1. After having a miscarriage, when I got pregnant again, I asked for a Priesthood blessing. I wanted the blessing more for the baby than myself and wanted to be assured that I could carry him to term and that he would be healthy. In the blessing that followed I was assured that I would have a healthy pregnancy... as I heard it, all the blessings were for me, not for the baby. I cried. The men probably thought I was spiritually moved, but I was crying for my baby. It didn't seem appropriate to say that's not the blessing I wanted, so I didn't say anything. I carried the child full term and he was stillborn. Should I have asked for another blessing??

  2. Anonymous:

    That is very sad. There is some possible good though as LDS doctrine does offer some hope for raising a stillborn child after the resurrection. One or two apostles at the turn of the century had children born stillborn and felt that they would be able to raise them. Val Greenwood wrote a very good article in the in 1987 that discusses the doctrinal background on this.

  3. To be honest, I just wish that somehow the church would have an official statement on stillborn babies. Our daughter was stillborn two years ago and sometimes the pain is still unbearable. I have gone to the temple and feel at peace that yes, she is ours, but it still doesn't answer the question of why. Why are some babies stillborn? Were they so worthy that simply existing in the womb was enough?I know that this is where faith comes in, but it is hard to have faith when there are so many questions.

  4. You must have the Melchizedek Priesthood in order to give ordaninance, including healing the sick by the laying on of hands. The Family Guidebook a publication of the church says: "The following ordinances must be authorized by the presiding authority: baptism, confirmation, naming and blessing children, administering the sacrament, dedicating graves, and conferring the priesthood and ordaining to an office. Consecrating oil, administering to the sick, and giving father's blessings do not need to be authorized by the presiding authority. They are authorized when a person holds the Melchizedek Priesthood and is worthy.",4945,13-1-1-7,00.html

    1. It says father's blessings are authorized when you hold the Melchizedek priesthood. It doesn't say anything about mother's blessings.

      Women blessing their children and other women, as well as accounting with oil, was common practice in the first 100-150 years of the church. It was taught to be acceptable and expected by Joseph Smith. They did it without policies, manuals, or scripts.

      As far as I can tell from some brief research, it simply fell out of practice and at some point people just started believing that's the way it should be. I've never read or heard a revelation that women are not allowed to administer this way. It was never considered to be the priesthood, so why would/should the rules governing the priesthood have anything to do with it?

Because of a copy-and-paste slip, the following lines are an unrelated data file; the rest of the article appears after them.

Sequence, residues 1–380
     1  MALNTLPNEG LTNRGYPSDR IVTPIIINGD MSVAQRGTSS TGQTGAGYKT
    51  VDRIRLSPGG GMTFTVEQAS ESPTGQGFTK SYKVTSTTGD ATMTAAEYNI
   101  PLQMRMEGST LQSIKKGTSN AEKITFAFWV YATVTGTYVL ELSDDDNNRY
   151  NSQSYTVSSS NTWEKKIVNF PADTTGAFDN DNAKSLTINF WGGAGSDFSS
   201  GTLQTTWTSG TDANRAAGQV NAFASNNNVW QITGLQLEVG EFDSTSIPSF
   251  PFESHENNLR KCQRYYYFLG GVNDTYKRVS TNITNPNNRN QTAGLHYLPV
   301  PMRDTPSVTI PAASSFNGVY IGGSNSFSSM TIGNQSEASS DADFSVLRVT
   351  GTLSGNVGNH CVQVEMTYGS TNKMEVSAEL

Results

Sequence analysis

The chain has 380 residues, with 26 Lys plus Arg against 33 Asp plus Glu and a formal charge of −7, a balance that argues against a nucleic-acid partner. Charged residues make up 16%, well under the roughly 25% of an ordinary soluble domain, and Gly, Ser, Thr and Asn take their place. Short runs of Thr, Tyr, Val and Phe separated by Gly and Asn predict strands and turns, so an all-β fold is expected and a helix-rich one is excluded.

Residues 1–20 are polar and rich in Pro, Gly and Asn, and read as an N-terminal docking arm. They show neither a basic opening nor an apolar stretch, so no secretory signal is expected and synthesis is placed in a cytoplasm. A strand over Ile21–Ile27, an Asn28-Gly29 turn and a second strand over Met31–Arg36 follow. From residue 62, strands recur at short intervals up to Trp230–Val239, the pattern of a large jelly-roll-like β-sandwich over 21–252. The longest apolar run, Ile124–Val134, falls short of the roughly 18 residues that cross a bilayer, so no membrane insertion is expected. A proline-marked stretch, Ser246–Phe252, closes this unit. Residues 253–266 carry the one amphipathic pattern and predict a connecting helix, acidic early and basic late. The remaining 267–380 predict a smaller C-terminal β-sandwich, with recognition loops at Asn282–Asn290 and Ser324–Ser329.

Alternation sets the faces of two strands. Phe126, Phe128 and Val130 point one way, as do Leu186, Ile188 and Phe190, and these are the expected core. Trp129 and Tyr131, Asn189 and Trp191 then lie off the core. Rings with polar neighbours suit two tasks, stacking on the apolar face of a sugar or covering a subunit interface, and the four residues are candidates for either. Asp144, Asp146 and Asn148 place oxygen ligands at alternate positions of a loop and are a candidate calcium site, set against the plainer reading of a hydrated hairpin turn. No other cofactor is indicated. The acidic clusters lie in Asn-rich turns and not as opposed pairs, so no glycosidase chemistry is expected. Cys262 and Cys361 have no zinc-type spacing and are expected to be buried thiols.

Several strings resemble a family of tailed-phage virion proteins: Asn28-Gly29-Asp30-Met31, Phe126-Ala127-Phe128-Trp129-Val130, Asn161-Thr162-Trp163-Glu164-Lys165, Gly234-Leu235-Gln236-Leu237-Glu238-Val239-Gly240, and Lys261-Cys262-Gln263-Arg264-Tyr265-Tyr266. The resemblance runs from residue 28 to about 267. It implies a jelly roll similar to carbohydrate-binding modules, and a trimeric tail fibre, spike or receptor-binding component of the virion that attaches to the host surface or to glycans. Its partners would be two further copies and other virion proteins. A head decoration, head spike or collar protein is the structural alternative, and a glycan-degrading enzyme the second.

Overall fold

I have always felt left out when my husband has administered blessings. Now I know why (I only recently learned of the early church practice of women giving blessings). The spirit was testifying to me that I am equally capable of ministering to my children.

      The next time I desire a blessing for one of them, I will administer it myself.

  5. Anon, there are two interesting points your comment brings up:
    1. Is administering to the sick actually an ordinance, and
    2. Does an endowed woman hold the Melchizedek priesthood in connection with her husband?

  6. 1. Any blessing given by the authority of the Melchizedek Priesthood is a ordinance even though the ordinance is not always considered a saving ordinances such as baptism.

    "The Lord has given many priesthood ordinances that we may receive or perform for guidance and comfort. These include the naming and blessing of children, administering to the sick, patriarchal blessings, father's blessings, blessings of guidance and comfort, and dedication of graves."

    Reference: Duties and Blessings of the Priesthood: Basic Manual for Priesthood Holders, Part B

    2. Sure, but does that mean they can give priesthood blessings when they have not been ordained by one holding keys? NO! but they can participate in the blessings that come from the Priesthood.

    President Gordon B. Hinckley said to the women of the church:"It was the Lord who designated that men in His Church should hold the priesthood." (in Conference Report, Oct. 1996, 95; or Ensign, Nov. 1996, 70).

  7. "Does a wife hold the priesthood with her husband and may she lay hands on the sick with him, with authority?"

    A wife does not hold the priesthood with her husband, but she enjoys the benefits thereof with him; and if she is requested to lay hands on the sick with him, or with any other officer holding the Melchizedek Priesthood, she may do so with perfect propriety. It is no uncommon thing for a man and wife unitedly to administer to their children. . . . "(Joseph Fielding Smith, Answers to Gospel Questions, 5 vols., 1:, p.149)

  8. I understand that the common practice and norm in the Church is for only Melchizedek priesthood holders to participate in any such ordinance. However, the above quote from the Family guidebook states that certain ordinances must be 'authorized by' a presiding authority. It does not state that they can only be 'performed by' a Melchizedek priesthood holder.